White and black dwarfs | Stars, black holes and galaxies | Cosmology & Astronomy | Khan Academy

In the last video, we
started with a star in its main sequence,
like the sun. And inside the
core of that star, you have hydrogen
fusion going on. So that is hydrogen fusion,
and then outside of the core, you just had hydrogen. You just hydrogen plasma. And when we say plasma, it’s
the electrons and protons of the individual atoms
have been disassociated because the temperatures
and pressures are so high. So they’re really just
kind of like this soup of electrons and protons,
as opposed to proper atoms that we associate with
at lower temperatures. So this is a main sequence
star right over here. And we saw in the last
video that this hydrogen is fusing into helium. So we start having more
and more helium here. And as we have more
and more helium, the core becomes
more and more dense, because helium is a
more massive atom. It is able to pack more
mass in a smaller volume. So this gets more
and more dense. So core becomes more dense. And so while the core is
becoming more and more dense, that actually makes the fusion
happen faster and faster. Because it’s more dense,
more gravitational pressure, more mass wanting
to get to it, more pressure on the
hydrogen that’s fusing, so it starts to fuse hotter. So let me write this, so
the fusion, so hydrogen fuses faster. And actually, we even
see this in our sun. Our sun today is
brighter and hotter. It’s fusing faster
than it was when it was born 4.5 or
4.6 billion years ago. But eventually you’re
going to get to the point so that the core,
you only have helium. So there’s going to
be some point where the entire core is all helium. And it’s going to be way denser
than this core over here. All of that mass over there has
now been turned into helium. Not all of it. A lot of it has been
turned into energy. But most of it is now
in helium, and it’s going to be at a much,
much smaller volume. And the whole time, the
temperature is increasing, the fusion is getting
faster and faster. And now there’s this
dense volume of helium that’s not fusing. You do have, and we saw this in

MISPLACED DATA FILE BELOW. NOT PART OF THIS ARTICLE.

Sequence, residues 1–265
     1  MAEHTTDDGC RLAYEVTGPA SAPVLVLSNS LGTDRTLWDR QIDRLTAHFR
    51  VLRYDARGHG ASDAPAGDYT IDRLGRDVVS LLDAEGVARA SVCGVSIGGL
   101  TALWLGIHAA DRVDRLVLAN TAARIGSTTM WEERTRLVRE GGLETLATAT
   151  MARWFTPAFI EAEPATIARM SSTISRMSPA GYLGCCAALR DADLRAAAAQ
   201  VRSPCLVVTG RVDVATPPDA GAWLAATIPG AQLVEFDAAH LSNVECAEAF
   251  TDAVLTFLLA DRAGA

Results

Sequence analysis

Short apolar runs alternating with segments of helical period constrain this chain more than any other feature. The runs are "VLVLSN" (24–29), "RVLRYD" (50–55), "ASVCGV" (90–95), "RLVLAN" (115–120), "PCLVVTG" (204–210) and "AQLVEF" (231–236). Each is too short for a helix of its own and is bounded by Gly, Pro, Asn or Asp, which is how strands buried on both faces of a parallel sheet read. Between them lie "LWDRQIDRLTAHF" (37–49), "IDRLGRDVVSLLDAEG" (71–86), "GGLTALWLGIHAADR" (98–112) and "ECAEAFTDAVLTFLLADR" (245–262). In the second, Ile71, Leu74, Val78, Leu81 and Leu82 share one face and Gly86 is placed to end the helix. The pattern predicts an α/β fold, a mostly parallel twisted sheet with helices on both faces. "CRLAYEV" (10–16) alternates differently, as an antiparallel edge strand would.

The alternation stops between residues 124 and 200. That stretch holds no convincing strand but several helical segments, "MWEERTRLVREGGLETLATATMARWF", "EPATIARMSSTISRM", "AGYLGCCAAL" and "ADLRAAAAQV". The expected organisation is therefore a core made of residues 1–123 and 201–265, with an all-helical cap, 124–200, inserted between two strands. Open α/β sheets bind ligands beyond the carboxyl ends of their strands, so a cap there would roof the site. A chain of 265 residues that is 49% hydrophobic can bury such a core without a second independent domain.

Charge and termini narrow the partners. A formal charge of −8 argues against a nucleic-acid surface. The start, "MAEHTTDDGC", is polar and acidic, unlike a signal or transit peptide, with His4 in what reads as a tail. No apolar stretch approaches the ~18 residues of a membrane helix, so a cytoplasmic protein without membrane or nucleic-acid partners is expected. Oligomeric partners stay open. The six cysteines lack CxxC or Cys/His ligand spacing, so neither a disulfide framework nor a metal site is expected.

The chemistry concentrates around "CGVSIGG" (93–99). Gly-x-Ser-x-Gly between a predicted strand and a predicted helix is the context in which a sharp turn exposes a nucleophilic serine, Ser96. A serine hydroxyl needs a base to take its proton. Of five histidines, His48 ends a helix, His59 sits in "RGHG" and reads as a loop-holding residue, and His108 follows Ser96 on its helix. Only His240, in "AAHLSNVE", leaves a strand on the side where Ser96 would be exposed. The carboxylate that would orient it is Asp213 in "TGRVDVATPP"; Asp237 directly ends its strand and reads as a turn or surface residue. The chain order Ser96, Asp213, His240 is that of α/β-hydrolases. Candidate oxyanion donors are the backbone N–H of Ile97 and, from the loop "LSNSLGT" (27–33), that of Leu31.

this video, a shell around it of hydrogen that is fusing. So this right here is
hydrogen fusion going on. And then this over here
is just hydrogen plasma. Now the unintuitive
thing, or at least this was unintuitive
to me at first, is what’s going on the
core is that the core is getting more and more dense. It’s fusing at a faster rate. And so it’s getting
hotter and hotter. So the core is
hotter, fusing faster, getting more and more dense. I kind of imagine it’s
starting to collapse. Every time it collapses, it’s
getting hotter and more dense. But at the same time
that’s happening, the star itself
is getting bigger. And this is actually
not drawn to scale. Red giants are much, much
larger than main sequence stars. But the whole time
that this is getting more dense, the
rest of the star is, you could kind of view
it as getting less dense. And that’s because this is
generating so much energy that it’s able to more
than offset, or better offset the gravitational
pull into it. So even though this
is hotter, it’s able to disperse the
rest of the material in the sun over a larger volume. And so that volume is so big
that the surface, and we saw this in the last video, the
surface of the red giant is actually cooler– let me
write that a little neater– is actually cooler than the
surface of a main sequence star. This right here is hotter. And just to put
things in perspective, when the sun
becomes a red giant, and it will become a
red giant, its diameter will be 100 times the
diameter that it is today. Or another way to be put it,
it will have the same diameter as the Earth’s orbit
around the current sun. Or another way to view it
is, where we are right now will be on the surface or
near the surface or maybe even inside of that future sun. Or another way to put it, when
the sun becomes a red giant, the Earth’s going to be
not even a speck out here. And it will be
liquefied and vaporized at that point in time. So this is super, super huge. And we’ve even thought about it. Just for light to
reach the current sun to our point in orbit,
it takes eight minutes. So that’s how big one
of these stars are. To get from one side of the star
to another side of the star, it’ll take 16 minutes
for light to travel, if it was traveling
that diameter, and even slightly
longer if it was to travel it in a circumference. So these are huge,
huge, huge stars. And we’ll talk about
other stars in the future. They’re even bigger than this
when they become supergiants. But anyway, we have the
hydrogen in the center– sorry. We have the helium
in the center. Let me write this down. We have a helium
core in the center. We’re fusing faster
and faster and faster. We’re now a red giant. The core is getting hotter
and hotter and hotter until it gets to the temperature
for ignition of helium. So until it gets to
100 million Kelvin– remember the ignition
temperature for hydrogen was 10 million Kelvin. So now we’re at 100 million
Kelvin, factor of 10. And now, all of a
sudden in the core, you actually start to
have helium fusion. And we touched on this